that the milk given by one of them, an Ayrshire cow, was bloody and thick, and the cow continued to produce this same kind of milk until it was taken back by the defendant's son about two months afterwards. This cow was again sold by the defendant for $50 and a credit of $40 was allowed the plaintiff. The plaintiff had a veterinarian examine this cow about six weeks after the plaintiff had purchased her. The veterinarian found that the cow was suffering from a chronic infectious disease, which, in his opinion, she had had before she was purchased by the plaintiff; that she was giving milk which was bloody and thick; and that all the other cows in the plaintiff's herd were infected by this cow. The veterinarian undertook to treat the other cows but was unable to cure them. The plaintiff's barn was kept in a clean and sanitary condition. The plaintiff did not know that this cow was diseased until the veterinarian told him, and he had to sell ten cows which had become infected. It was admitted that the defendant's son Abe was the agent of the defendant.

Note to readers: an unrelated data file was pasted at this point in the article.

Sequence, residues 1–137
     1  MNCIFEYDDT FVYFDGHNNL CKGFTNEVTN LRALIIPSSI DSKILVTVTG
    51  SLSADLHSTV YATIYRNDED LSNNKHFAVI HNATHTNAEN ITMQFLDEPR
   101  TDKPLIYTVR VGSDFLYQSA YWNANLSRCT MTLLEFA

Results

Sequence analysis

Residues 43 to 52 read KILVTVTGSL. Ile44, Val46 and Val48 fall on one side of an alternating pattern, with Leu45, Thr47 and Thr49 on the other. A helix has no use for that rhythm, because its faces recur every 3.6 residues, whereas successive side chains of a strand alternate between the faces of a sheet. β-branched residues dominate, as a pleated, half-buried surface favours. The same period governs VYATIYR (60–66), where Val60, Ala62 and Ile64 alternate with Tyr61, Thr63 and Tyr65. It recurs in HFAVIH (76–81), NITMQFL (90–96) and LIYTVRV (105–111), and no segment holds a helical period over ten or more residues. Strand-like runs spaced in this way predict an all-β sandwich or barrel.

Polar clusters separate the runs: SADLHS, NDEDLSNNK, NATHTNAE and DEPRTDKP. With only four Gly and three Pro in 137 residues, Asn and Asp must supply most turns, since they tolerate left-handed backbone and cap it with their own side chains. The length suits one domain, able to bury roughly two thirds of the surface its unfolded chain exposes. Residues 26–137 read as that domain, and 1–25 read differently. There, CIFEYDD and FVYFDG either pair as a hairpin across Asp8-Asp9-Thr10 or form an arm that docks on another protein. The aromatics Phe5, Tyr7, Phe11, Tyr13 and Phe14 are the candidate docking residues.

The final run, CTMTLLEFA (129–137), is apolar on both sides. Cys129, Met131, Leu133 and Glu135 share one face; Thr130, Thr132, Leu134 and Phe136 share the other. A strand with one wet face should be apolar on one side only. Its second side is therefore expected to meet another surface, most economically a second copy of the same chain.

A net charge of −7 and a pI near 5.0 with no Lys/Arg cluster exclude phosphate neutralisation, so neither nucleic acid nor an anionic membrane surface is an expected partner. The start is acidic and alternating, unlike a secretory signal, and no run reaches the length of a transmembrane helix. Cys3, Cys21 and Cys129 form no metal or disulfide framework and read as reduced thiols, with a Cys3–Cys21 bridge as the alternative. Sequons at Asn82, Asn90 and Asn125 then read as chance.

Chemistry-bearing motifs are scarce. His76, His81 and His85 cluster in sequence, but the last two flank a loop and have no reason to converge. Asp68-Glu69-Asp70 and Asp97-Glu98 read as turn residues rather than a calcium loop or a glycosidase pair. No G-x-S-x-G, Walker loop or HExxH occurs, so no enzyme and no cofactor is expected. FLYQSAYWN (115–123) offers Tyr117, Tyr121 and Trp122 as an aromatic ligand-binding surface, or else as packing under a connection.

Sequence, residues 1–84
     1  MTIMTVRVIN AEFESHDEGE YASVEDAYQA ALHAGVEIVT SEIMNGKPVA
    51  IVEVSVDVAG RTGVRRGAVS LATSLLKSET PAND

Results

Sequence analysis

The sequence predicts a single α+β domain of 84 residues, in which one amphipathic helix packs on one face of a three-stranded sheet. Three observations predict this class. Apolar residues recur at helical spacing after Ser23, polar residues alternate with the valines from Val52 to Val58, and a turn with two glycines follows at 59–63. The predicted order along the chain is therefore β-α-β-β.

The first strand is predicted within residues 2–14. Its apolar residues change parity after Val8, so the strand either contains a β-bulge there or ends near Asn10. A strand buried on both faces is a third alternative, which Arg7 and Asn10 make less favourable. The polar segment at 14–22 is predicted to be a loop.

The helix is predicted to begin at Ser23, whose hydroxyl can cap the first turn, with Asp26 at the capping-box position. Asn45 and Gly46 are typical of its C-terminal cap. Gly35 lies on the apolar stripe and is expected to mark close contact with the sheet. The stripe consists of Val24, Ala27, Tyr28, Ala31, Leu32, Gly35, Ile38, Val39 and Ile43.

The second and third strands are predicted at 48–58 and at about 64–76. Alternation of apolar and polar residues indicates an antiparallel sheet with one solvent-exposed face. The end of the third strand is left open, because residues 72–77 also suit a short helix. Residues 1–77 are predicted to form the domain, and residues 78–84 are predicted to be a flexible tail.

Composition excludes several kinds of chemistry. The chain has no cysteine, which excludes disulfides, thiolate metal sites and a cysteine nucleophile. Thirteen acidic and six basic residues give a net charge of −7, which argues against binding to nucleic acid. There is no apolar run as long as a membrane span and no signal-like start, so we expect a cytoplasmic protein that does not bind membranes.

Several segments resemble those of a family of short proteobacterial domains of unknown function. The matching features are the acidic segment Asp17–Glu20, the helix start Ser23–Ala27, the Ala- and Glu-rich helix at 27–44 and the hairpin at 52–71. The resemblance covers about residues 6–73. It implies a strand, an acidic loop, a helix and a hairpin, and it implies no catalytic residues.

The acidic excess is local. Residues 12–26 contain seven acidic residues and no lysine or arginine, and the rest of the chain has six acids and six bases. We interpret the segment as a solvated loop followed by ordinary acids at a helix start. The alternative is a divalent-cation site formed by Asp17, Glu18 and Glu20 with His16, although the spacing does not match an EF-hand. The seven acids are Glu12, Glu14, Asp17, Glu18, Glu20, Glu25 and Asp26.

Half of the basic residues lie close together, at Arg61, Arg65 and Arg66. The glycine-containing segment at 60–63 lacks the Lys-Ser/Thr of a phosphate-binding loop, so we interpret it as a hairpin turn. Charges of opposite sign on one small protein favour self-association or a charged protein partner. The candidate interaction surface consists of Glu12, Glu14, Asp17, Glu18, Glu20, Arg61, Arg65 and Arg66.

The plaintiff testified that he had a talk with Abe Levin before he bought the cows. He was then asked what talk he had, but the judge excluded the question and said that he would permit counsel to make an offer of proof. Counsel for the plaintiff then stated that he proposed to show by the plaintiff and by his wife certain representations by the defendant and his son and that this was by agreement with the defendant's counsel, and the latter said it was agreeable to him to have the proposed testimony of the wife included in the offer if that was agreeable to the judge. The judge answered "All right." Counsel for the plaintiff then stated that when the plaintiff and his wife visited the defendant's barn on June 30, 1940, "there were certain representations made by the defendant with reference to the condition, the health, of these cows, as to whether they were milk producers" and that the plaintiff relied upon these statements; that the next morning when Abe Levin visited the plaintiff's farm he repeated the representations that had been made the day before and that the plaintiff relied upon these statements. The plaintiff excepted to the exclusion of this evidence.